Просмотров: 9286 Medical Aid Films - Films For Life
Screening for cervical cancer has been around for years. But there are some women who have never been tested because they haven't felt comfortable with a doctor carrying out the procedure. Now, they're being offered a new do-it-yourself option that doctors say is as easy as giving a urine sample.
Просмотров: 903 ABC News (Australia)
My two minute video outlining the latest cervical cancer screening guidelines of 2012. The American Cancer Society and the U. S. Preventive Services Task Force have both released these guidelines and we are still waiting for ACOG and ASCCP to release their updates.
Просмотров: 1141 Mimi Secor
According to the current guidelines the screening should start at the age of 21, before 21 years of age there is no need of pap smear testing irrespective of the sexual activity and this screening continues up to 65 years of age beyond which your gynecologist advises you to continue screening based on the previous tests results. We get to do this once in 3 years if it is pap smear testing alone it is done in once in 3 years and this can be delayed or done once in 5 years if the pap smear testing can be combined with the human papilla-mo virus testing.
Просмотров: 105768 Doctors' Circle - World's Largest Health Platform
Cervical cancer used to be one of the leading causes of cancer deaths in women in the U.S., but that's changing thanks to screenings.
Просмотров: 9 10News WTSP
The rules around cancer screenings in women have changed again. A new update from the U.S. Preventative Services Task Force has announced new cervical cancer screening guidelines for women 30 to 65. The biggest change--you don't need to get an HPV test and a pap smear at the same time. Dr. Sharon Thompson joins us with more. For more info:CentralPhoenixOBGYN.com
Просмотров: 42 azfamily powered by 3TV & CBS5AZ
In this episode of Dr Nora, I take you through the changes occurring to Cervical Screening from December 2017 as discussed at a recent Women's Health Update Event I attended at the Gold Coast Private Hospital. Currently Australia's Medicare provides cervical cancer screening via a Pap Smear test for women aged between 18-69, every 2 years, once they have become sexually active. From December 2017, Medicare will be moving towards a more internationally recognised liquid-based cytology approach. The test will not feel any different, but will reduce the number of inadequate tests and the wait time for results. As these new tests are more efficient, women will now be screened from the ages of 25-74, every 5 years. In the meantime please note that it is very important for women to continue to participate in the current two yearly Pap test program to ensure they are not at risk of developing cervical cancer. If you have any questions, please feel free to leave a comment below. To book in an appointment at my clinic visit: http://drnora.com FILM BY VTUDIO | https://vtudio.com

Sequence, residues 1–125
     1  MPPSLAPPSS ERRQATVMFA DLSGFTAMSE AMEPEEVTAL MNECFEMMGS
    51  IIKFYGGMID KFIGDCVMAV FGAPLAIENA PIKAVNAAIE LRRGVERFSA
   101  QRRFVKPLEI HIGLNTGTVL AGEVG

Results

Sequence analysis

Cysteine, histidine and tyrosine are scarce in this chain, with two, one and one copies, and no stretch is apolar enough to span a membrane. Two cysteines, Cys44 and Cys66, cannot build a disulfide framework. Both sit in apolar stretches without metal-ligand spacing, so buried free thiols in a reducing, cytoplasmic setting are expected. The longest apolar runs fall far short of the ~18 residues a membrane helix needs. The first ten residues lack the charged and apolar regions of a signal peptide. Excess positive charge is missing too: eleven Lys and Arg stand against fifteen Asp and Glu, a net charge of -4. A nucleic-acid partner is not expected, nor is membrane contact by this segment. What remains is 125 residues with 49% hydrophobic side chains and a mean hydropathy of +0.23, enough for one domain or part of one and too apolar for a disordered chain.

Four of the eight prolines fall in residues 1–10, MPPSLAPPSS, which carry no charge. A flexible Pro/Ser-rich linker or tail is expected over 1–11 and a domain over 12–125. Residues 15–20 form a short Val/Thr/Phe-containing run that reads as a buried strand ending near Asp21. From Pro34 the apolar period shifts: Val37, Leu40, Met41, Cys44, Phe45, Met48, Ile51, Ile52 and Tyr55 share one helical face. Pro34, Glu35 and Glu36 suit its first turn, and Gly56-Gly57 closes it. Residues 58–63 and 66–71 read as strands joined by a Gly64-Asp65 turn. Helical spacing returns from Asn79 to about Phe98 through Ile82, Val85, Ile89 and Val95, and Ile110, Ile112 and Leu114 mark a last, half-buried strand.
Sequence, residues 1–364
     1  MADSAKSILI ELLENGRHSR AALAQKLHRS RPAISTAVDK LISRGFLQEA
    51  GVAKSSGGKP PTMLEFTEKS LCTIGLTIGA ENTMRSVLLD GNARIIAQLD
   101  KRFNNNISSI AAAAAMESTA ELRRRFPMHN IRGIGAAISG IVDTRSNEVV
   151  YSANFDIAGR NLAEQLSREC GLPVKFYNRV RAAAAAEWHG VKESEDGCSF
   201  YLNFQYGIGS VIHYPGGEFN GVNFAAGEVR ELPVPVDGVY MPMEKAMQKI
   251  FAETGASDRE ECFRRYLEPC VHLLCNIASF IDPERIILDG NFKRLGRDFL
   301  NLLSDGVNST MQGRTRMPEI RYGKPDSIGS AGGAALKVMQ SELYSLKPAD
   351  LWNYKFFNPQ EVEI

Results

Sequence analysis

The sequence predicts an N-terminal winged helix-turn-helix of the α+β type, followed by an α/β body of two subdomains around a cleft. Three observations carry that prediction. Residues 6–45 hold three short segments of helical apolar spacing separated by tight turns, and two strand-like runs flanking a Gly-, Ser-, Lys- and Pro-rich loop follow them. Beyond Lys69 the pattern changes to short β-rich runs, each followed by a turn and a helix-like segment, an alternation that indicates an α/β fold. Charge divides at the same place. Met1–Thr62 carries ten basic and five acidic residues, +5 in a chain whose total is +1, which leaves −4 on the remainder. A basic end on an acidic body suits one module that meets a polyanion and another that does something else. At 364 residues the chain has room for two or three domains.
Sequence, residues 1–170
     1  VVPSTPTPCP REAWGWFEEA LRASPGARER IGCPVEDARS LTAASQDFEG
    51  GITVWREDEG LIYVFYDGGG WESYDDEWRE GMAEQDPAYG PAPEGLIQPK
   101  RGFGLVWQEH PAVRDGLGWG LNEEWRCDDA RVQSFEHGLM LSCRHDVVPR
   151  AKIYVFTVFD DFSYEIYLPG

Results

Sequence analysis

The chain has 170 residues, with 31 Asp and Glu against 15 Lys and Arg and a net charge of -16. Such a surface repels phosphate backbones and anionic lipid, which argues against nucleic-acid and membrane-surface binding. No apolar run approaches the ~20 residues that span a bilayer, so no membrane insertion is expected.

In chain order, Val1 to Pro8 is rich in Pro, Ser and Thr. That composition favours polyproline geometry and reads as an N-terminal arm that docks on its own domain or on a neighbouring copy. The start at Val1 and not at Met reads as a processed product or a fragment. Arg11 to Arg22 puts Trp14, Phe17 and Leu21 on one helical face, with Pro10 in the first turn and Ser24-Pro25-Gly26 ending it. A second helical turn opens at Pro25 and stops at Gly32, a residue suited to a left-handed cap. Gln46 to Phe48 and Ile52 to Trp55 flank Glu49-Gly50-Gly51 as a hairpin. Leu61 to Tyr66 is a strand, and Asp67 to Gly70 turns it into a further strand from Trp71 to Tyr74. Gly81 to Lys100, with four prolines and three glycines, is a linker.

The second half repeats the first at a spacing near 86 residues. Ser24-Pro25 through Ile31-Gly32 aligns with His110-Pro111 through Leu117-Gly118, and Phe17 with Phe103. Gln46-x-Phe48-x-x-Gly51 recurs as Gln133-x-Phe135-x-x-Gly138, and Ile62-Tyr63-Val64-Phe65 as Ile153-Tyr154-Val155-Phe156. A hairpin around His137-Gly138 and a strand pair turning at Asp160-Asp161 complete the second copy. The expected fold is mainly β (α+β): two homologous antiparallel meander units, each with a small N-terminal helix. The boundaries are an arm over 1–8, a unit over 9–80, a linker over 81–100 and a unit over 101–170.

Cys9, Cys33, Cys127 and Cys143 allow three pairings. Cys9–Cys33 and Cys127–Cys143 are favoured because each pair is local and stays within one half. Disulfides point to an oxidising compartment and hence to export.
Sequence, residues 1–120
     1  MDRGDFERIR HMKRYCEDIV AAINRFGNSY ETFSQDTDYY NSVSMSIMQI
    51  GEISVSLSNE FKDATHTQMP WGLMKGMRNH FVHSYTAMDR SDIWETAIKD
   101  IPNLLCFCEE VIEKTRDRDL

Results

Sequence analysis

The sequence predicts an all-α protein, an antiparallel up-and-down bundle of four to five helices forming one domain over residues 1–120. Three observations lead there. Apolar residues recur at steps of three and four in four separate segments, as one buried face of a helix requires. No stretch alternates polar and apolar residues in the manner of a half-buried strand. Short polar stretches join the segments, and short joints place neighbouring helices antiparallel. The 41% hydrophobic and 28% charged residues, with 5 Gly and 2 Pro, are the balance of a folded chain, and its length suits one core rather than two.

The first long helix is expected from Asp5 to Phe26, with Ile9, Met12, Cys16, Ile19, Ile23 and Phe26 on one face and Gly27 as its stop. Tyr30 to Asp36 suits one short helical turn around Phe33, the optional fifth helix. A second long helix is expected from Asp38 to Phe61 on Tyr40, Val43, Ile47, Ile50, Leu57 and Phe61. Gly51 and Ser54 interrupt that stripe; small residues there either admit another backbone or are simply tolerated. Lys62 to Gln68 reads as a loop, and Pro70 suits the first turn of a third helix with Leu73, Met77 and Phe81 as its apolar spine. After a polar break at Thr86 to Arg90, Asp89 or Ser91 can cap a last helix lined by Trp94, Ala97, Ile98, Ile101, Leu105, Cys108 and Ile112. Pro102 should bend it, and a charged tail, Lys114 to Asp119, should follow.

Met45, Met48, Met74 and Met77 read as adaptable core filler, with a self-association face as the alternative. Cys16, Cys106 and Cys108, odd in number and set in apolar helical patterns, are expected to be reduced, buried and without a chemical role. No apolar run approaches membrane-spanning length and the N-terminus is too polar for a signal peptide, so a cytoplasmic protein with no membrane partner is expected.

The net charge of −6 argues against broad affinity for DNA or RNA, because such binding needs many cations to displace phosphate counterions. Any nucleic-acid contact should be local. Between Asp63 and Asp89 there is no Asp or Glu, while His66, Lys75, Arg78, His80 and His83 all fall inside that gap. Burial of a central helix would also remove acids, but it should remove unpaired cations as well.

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The method of screening for cervical cancer has been improved, to which we have adjusted RMC’s protocol, as well. Gyula Csermely, M.D. summarizes the most important information about the new screening method based on cytology and HPV testing.
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This activity is no longer available for CME/CE credit.
Просмотров: 511 Association of Reproductive Health Professionals
For Educational Use Only - Fair Use - New guidelines from The United States Preventive Services Task Force USPSTF have been implemented for cervical cancer screenings. Dr. Wanda Nicholson Associate Professor of Obstetrics and Gynecology at UNC Chapel Hill and member of the USPSTF explains the updated screening recommendations.
Просмотров: 65 Abagtha Abana
For just $1/month, you can help keep these videos free! Subscribe to my Patreon at http://www.patreon.com/pwbmd Updated lecture reflecting the most recent (and substantially revamped) ACOG guidelines from October 2016. (Disclaimer: The medical information contained herein is intended for physician medical licensing exam review purposes only, and are not intended for diagnosis of any illness. If you think you may be suffering from any medical condition, you should consult your physician or seek immediate medical attention.)
Просмотров: 11817 Paul Bolin, M.D.
Women over the age of 30 now have three options to screen for cervical cancer. That’s according to new recommendations from the U.S Preventative Medicine Task Force. Matt Yurus reports.
Просмотров: 89 CBS Denver
Public lecture as part of Cancer Council WA's Cancer Update series, presented in November 2017 by Professor Ian Hammond from the National Cervical Cancer Screening Program (Australian Department of Health) titled "Eradicating cervical cancer? Let's start with the new cervical cancer screening test."
Просмотров: 87 Cancer Council Western Australia